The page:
Fairy Tale Essay Introduction

Fairy Tale Essay Introduction-81
This article was co-authored by Stephanie Wong Ken.

This article was co-authored by Stephanie Wong Ken.

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It is all very well to talk of the freedom of fairyland, but there was precious little freedom in fairyland by the best official accounts. Yeats's school suggests that in that world every one is a capricious god. Yeats himself has said a hundred times in that sad and splendid literary style which makes him the first of all poets now writing in English (I will not say of all English poets, for Irishmen are familiar with the practice of physical assault), he has, I say, called up a hundred times the picture of the terrible freedom of the fairies, who typify the ultimate anarchy of art - "Where nobody grows old or weary or wise, Where nobody grows old or godly or grave." But, after all (it is a shocking thing to say), I doubt whether Mr. I think the poets have made a mistake: because the world of the fairy-tales is a brighter and more varied world than ours, they have fancied it less moral; really it is brighter and more varied because it is more moral. It is impossible, of course, because nothing human can happen in a modern prison, though it could sometimes in an ancient dungeon.

Yeats really knows the real philosophy of the fairies. Though I say it who should not, in good sound human stupidity I would knock Mr. A modern prison is always inhuman, even when it is not inhumane.

If you really read the fairy-tales, you will observe that one idea runs from one end of them to the other - the idea that peace and happiness can only exist on some condition.

This idea, which is the core of ethics, is the core of the nursery-tales.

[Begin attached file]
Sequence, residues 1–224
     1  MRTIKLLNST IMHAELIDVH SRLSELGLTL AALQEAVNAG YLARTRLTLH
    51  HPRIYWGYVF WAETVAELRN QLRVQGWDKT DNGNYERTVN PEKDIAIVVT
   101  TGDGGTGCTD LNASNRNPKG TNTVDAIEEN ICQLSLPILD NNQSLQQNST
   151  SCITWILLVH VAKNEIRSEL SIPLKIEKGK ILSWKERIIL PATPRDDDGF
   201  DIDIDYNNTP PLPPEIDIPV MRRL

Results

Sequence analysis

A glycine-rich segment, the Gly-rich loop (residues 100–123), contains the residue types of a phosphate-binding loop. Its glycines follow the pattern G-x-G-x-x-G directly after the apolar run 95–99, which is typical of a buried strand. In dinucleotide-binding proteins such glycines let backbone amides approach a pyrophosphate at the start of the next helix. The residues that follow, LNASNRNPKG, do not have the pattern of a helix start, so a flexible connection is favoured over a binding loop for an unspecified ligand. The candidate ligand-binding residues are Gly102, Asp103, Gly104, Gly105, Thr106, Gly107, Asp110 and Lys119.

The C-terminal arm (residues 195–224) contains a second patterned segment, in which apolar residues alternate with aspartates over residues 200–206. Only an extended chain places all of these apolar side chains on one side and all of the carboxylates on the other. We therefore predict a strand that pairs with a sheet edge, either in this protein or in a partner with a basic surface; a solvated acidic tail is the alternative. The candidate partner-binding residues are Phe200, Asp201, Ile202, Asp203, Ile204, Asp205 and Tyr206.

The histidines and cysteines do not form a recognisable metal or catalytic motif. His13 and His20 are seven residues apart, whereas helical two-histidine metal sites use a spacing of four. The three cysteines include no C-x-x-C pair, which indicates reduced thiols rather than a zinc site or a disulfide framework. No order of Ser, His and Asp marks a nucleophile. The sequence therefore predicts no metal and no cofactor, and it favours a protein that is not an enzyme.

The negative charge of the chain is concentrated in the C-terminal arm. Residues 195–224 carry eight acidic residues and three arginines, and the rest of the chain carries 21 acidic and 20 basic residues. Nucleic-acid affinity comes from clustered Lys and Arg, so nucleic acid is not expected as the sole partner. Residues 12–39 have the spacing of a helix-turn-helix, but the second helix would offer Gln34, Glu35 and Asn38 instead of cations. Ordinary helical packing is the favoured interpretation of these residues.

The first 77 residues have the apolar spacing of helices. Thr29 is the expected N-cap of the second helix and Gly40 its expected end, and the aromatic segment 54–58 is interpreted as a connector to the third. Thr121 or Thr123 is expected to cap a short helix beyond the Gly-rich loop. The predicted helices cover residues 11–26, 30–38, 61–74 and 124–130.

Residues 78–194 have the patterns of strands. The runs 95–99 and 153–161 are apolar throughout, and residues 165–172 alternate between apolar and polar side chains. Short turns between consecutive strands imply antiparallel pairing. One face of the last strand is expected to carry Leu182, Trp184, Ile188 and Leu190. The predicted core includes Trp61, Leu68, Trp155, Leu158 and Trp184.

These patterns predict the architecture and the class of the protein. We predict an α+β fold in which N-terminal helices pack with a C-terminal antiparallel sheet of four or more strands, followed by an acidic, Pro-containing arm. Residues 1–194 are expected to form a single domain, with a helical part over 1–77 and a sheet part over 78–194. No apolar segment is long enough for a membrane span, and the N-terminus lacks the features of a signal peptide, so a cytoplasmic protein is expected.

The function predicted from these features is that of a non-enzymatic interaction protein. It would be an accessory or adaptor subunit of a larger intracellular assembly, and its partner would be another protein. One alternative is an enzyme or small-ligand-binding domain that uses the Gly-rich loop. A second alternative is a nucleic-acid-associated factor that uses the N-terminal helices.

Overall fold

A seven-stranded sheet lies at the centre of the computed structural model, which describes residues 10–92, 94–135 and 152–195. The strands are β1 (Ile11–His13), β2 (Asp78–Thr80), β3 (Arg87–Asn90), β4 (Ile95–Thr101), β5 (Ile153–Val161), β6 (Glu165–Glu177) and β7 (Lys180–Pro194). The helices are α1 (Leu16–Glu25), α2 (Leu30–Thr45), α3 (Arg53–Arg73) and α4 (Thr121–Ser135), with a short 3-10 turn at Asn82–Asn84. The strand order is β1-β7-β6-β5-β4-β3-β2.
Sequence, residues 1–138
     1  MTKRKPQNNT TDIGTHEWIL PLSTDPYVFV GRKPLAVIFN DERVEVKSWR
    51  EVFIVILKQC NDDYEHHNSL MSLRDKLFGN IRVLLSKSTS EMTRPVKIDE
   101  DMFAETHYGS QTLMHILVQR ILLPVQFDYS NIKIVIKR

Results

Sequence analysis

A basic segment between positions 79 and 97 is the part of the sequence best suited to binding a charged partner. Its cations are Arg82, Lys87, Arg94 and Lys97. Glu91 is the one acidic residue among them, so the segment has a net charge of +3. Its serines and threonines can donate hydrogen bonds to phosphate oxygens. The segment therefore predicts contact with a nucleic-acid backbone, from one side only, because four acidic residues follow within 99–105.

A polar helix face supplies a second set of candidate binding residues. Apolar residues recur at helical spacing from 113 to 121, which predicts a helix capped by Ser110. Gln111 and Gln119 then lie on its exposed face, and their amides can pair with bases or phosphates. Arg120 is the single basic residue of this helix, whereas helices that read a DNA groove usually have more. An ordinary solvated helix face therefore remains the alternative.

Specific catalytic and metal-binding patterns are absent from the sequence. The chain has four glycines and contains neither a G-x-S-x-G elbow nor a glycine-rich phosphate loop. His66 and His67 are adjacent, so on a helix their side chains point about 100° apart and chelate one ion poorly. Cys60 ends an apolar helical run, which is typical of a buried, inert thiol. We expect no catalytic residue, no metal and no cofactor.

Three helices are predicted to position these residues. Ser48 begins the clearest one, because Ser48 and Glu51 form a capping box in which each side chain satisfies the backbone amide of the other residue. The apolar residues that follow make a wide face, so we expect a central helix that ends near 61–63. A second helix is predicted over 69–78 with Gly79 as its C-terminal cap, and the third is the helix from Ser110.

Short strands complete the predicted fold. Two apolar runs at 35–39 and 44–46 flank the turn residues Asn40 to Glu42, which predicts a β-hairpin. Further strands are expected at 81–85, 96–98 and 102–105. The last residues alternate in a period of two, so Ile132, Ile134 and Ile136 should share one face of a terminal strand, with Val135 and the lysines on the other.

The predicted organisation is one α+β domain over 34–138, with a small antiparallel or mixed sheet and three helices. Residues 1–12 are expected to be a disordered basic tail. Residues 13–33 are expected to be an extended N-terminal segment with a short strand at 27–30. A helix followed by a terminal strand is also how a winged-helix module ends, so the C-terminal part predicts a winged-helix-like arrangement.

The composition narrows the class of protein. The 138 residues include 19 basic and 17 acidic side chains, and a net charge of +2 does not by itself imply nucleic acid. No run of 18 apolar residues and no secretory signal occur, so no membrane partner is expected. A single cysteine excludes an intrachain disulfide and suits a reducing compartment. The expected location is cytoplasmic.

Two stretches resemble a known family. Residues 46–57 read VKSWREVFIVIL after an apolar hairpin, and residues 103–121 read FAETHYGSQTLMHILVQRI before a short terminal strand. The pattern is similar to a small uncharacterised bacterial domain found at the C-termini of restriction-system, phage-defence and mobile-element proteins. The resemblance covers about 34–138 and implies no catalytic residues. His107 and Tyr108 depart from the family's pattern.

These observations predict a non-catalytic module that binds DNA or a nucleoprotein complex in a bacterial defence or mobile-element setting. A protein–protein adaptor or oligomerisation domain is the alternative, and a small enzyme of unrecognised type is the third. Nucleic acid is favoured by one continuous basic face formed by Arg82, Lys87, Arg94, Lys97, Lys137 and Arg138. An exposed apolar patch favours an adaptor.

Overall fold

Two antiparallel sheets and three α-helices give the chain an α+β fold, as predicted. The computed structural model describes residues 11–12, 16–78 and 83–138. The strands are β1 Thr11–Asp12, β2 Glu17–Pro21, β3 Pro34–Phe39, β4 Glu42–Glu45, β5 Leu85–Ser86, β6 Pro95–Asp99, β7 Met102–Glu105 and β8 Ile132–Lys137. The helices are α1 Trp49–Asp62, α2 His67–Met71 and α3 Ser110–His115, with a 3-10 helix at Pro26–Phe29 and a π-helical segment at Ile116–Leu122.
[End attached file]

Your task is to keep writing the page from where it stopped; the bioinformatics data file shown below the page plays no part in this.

The whole happiness of fairyland hangs upon a thread, upon one thread.

Cinderella may have a dress woven on supernatural looms and blazing with unearthly brilliance; but she must be back when the clock strikes twelve.A girl may be the bride of the God of Love himself if she never tries to see him; she sees him, and he vanishes away.A girl is given a box on condition she does not open it; she opens it, and all the evils of this world rush out at her.Now, it is obvious that there are many philosophical and religious ideas akin to or symbolised by this; but it is not with them I wish to deal here.It is surely obvious that all ethics ought to be taught to this fairy-tale tune; that, if one does the thing forbidden, one imperils all the things provided.Instead of finding (like common books of ethics) a rationalistic basis for each Commandment, they find the great mystical basis for all Commandments.We are in this fairyland on sufferance; it is not for us to quarrel with the conditions under which we enjoy this wild vision of the world. Originally published in 1908, this text comes from the 1915 edition.The fairy-tales are at root not only moral in the sense of being innocent, but moral in the sense of being didactic, moral in the sense of being moralising. Science denounces the idea of a capricious God; but Mr. And I have my doubts whether this feeling of the free, wild spirits on the crest of hill or wave is really the central and simple spirit of folk-lore.But suppose a man were born in a modern prison, and grew accustomed to the deadly silence and the disgusting indifference; and suppose he were then suddenly turned loose upon the life and laughter of Fleet Street.He would, of course, think that the literary men in Fleet Street were a free and happy race; yet how sadly, how ironically, is this the reverse of the case!

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